Let me explain… We were on a break(!) when we discovered our donor is planning to move away soon. Since we’ve tried so many times unsuccessfully, we decided to have a look inside my stuff to see if there were blockages keeping the sperm from getting to the egg. I was hesitant to get the HSG because I heard it could be painful and because I didn’t want to know if I did have blockages. But, in fact, the test wasn’t horrible and my passages are free and clear. So we inseminate. And inseminate. And… no clear ovulation. No temperature rise. No dark, solid line on the ovulation pee stick. We just kept throwing sperm up there (on his last visit, our donor said I had so much sperm in me I could probably score at a gay bar).

On days 19-21, I had spotting and cramping. I dreaded the period that was to follow because the pain has been so hysterically bad in the recent past and I was due to be either on a plane or at my father’s grave site when it hit. But check this out: the period never came. Like, ever. I don’t only not miss my period, I am very regular (in a short-cycle kinda way). The whole time I was in my hometown, I was sneaking pees on pregnancy tests and feeling a little giddy. The tests kept saying NO, but my lower abdomen felt different (psychosomatic says “what?”). Once I was back home, I began to realize this period wasn’t coming. I wanted to know for sure and right away that I was or wasn’t pregnant so I wouldn’t miss an opportunity to inseminate. My doc ordered a blood test (stat), which confirmed, despite the week of feeling really cool—like a girl with a fairy in her pocket—that I am not pregnant.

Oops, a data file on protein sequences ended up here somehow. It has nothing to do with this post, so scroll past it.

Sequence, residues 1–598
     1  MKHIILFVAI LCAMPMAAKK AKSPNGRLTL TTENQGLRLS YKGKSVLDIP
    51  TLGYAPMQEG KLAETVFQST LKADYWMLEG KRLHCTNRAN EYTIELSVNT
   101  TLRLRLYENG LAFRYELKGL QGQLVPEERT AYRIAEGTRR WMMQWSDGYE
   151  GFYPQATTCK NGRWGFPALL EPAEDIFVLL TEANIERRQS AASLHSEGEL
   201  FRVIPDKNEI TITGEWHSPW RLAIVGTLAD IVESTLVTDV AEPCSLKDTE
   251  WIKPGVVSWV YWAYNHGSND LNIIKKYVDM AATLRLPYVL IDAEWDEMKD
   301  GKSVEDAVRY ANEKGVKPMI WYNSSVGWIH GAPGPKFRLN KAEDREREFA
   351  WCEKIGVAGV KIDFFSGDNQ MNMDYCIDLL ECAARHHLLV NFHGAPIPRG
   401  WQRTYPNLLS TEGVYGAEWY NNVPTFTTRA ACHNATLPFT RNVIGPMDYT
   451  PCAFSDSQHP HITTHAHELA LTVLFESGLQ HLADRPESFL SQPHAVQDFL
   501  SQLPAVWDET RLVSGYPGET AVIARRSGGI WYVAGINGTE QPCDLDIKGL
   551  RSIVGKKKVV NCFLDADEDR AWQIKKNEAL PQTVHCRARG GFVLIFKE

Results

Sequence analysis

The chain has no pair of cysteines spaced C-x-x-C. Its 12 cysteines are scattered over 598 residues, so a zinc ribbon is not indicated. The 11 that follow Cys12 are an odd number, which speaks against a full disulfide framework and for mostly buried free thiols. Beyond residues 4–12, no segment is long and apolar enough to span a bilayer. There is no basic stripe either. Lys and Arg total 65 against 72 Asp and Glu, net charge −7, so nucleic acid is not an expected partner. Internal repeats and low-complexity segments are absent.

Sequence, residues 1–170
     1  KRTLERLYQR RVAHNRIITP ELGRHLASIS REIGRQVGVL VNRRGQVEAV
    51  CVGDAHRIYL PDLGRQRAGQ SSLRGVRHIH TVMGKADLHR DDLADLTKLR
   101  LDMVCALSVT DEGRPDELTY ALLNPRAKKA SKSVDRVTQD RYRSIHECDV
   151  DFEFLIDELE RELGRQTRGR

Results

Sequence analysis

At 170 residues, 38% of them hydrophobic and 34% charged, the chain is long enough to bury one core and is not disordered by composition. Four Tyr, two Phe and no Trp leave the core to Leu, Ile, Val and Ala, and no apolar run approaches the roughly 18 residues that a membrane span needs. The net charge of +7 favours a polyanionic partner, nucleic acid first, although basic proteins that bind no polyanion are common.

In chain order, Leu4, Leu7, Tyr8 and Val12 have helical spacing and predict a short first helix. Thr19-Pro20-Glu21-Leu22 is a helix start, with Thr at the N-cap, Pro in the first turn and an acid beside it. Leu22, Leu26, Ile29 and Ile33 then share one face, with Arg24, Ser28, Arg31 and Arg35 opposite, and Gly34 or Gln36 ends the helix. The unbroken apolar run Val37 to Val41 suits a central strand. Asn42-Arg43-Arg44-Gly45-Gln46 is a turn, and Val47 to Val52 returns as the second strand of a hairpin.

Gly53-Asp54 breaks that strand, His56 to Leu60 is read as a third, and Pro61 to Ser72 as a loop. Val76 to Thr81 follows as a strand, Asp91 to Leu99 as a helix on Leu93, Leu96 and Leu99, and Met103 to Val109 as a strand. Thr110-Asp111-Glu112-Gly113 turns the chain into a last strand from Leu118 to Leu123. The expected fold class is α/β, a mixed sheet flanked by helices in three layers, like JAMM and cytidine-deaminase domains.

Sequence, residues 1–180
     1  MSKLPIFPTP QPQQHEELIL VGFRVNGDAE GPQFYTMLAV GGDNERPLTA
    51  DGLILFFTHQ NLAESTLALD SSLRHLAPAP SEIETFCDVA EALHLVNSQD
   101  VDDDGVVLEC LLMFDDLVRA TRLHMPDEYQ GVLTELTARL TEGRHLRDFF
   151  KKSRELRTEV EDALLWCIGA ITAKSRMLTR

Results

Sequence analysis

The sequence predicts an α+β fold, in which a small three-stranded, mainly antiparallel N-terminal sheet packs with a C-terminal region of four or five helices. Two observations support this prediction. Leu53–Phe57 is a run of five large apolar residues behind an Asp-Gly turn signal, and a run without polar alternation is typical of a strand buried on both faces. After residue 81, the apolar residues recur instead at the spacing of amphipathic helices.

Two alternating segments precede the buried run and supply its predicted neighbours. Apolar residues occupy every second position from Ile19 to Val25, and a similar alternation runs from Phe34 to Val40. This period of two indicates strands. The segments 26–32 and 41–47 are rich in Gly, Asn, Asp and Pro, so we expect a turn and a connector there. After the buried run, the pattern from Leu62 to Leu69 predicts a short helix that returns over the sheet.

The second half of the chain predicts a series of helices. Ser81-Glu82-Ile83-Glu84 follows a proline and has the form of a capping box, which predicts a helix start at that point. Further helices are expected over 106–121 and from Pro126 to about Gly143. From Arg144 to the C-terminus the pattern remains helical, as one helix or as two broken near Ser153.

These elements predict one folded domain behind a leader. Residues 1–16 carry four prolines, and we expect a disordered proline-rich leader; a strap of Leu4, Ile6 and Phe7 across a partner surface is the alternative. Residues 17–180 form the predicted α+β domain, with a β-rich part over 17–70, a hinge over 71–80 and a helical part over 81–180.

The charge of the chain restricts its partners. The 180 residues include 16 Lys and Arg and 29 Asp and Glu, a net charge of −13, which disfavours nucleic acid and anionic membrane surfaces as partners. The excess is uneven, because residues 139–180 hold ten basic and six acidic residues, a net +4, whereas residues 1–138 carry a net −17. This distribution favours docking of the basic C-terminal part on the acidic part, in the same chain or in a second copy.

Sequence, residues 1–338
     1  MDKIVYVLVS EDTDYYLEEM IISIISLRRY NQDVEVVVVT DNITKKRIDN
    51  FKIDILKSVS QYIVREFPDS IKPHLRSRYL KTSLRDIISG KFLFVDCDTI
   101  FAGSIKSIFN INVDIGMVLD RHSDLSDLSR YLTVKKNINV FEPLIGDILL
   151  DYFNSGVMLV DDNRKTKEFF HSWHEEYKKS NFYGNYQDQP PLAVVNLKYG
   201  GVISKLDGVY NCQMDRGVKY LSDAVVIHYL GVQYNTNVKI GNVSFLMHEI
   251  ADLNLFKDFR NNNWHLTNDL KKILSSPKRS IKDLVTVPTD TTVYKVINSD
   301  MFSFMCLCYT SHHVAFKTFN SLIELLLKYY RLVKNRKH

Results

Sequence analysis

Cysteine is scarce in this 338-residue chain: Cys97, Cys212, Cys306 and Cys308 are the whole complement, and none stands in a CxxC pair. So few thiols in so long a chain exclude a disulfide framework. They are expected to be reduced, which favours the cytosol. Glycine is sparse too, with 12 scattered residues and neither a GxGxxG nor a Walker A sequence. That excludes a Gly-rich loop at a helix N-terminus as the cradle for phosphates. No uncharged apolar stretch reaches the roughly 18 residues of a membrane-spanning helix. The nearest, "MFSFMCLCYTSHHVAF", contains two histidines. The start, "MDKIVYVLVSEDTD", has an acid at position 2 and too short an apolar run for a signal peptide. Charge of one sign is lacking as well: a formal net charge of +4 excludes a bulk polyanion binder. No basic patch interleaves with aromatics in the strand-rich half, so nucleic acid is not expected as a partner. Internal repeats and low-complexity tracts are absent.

So, do it. Inseminate! Had I gotten my period when I was supposed to, I’d be just about to ovulate. The catch? No donor. Still out of town on holiday. I peed on sticks regardless. I saw a couple of lines get close to an LH surge and saw a rise in temperature. All too late.

What the heck? How could a little test mess me up so I skip an ovulation and a period? I know people sometimes skip periods. But not me. Ever!!! Am I done ovulating normally now? Did I embody the youngest and quickest menopause in the history of womankind?

The quandary leaves me spinning (happy sixth night, btw). I feel so out of whack. When I do get another period, what do I do? What timetable do I count on? Should I just find the cash and do an IVF and have twins and be done with all this?

Finally, I had a birthday last week. I was sure, so freakin’ sure, that with my dad’s spirit now fully on the other side where he could put in a good word for a daughter, that I would discover—on my birthday—that the missing period meant I was pregnant. I joked with myself that it would be like going to get your hair cut: You say, “whatever you do, do not give me a short hair cut.” The stylist turns your chair around at the end and says “just what you wanted! a short hair cut!” I made myself a deadline of having a baby by 33 and no later than 35. I thought, the universe is so funny I’ll find out I got pregnant just days before my 35th birthday. Alas, my desperate sense of humor is not shared by mama universe.

(Disclaimer: No men were harmed in the making of this blog.)

The Family